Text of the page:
Premature menopause yielded deleterious CVD, BMD implications

  • December 3, 2013

Women with primary ovarian insufficiency face a plethora of consequences such as infertility and an increased risk for mortality, cardiovascular disease, osteoporosis, psychosexual dysfunction, cognitive decline and neurological disease, leading to poor quality of life. An aggressive approach is needed to recognize and treat these patients, according to Cynthia A. Stuenkel, MD, NCMP.

In her plenary symposium at the North American Menopause Society Annual Meeting, Stuenkel, of the University of California, San Diego School of Medicine, focused primarily on CV and bone outcomes.

“Many of these young women can go several years without being diagnosed,” Stuenkel told Endocrine Today. “Early menopause is falling between ages 40 and 45; premature menopause under 40. Primary ovarian insufficiency is a different entity. Some of them can even conceive.”

CVD effect of early menopause

Stuenkel cited the Nurses’ Health Study conducted from 1976 to 1994. It demonstrated a greater multivariate relative risk of coronary heart disease at natural menopause in women younger than 40 years (RR=1.53), according to data.

“But after all the adjustments in the Nurses’ Health Study, women who had never smoked were removed from the data. That was provocative,” Stuenkel said.

CVD determines menopausal age, rather than the reverse, according to the Framingham Heart Study cohort. She said each 1% higher premenopausal Framingham risk score was associated with a decrease in menopausal age of 1.8 years.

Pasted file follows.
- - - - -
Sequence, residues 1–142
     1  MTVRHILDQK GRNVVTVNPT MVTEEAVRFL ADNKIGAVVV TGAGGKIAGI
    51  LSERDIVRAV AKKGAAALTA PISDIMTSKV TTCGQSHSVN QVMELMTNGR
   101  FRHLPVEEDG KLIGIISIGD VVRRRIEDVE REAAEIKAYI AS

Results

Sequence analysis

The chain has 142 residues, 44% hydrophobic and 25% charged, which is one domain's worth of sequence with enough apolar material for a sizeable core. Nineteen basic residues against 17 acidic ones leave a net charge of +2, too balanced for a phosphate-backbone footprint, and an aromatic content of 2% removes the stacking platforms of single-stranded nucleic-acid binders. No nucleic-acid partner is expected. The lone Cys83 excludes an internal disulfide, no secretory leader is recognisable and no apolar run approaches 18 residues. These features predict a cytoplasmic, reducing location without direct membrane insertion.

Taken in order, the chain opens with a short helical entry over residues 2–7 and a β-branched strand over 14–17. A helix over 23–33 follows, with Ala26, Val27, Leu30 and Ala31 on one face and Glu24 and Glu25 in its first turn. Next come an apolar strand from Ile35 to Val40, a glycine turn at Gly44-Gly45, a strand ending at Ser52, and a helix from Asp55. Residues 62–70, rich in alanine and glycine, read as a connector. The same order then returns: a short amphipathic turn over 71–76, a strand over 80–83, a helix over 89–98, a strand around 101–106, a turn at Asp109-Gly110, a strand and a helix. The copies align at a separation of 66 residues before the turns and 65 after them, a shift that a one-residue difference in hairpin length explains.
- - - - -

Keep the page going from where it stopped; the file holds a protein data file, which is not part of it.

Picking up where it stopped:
“Is it the reproductive aging that increases CV risk or is it the premenopausal cardiometabolic risk that leads to an increase in reproductive aging?” Stuenkel asked.

She said obesity could be a factor that might help explain the links between reproductive aging and cardiometabolic risk.

Effect on BMD, fractures

According to Stuenkel, cross-sectional studies show that early menopause before 45 years leads to lower bone mineral density and increased risk for osteoporosis. The reduction of estrogen may play a role in the increased risk for fractures, she added. If a woman goes through menopause a decade earlier than average, her BMD could be reduced by one T-score once she reaches 65 years.

“From a frustration standpoint, we really do not have the clinical trials to support these recommendations in general. We are largely going on clinical expertise at this time. But I think patients appreciate that,” Stuenkel said.

For women without contraindications, estrogen therapy could relieve symptoms, prevent bone loss and could be beneficial for overall health preservation, according to data presented by Stuenkel.

“There are efforts underway through the NIH to establish a registry not only for patient health information, but to glean more data from an observational standpoint of some different types of premature menopause and how the long term might be different for these women,” she said, adding that the development of preventive strategies are essential for CV and bone health.

“We need to do all the things we know for lifestyle management in order to prevent osteoporosis, make sure patients are taking enough calcium, vitamin D; replacing them with hormone therapy is globally the best approach to managing and preserving the bone density,” Stuenkel said. – by Samantha Costa

For more information:

Stuenkel CA. Plenary Symposium #3: When ovaries retire too soon – risks for CVD and fracture. Presented at: the North American Menopause Society 24th Annual Meeting; Oct. 9-12, 2013; Dallas.

Disclosure: Stuenkel reports consultancy for Ligand Pharmaceuticals and Pharmavit, a manufacturer that develops a soy derivative for Pfizer.

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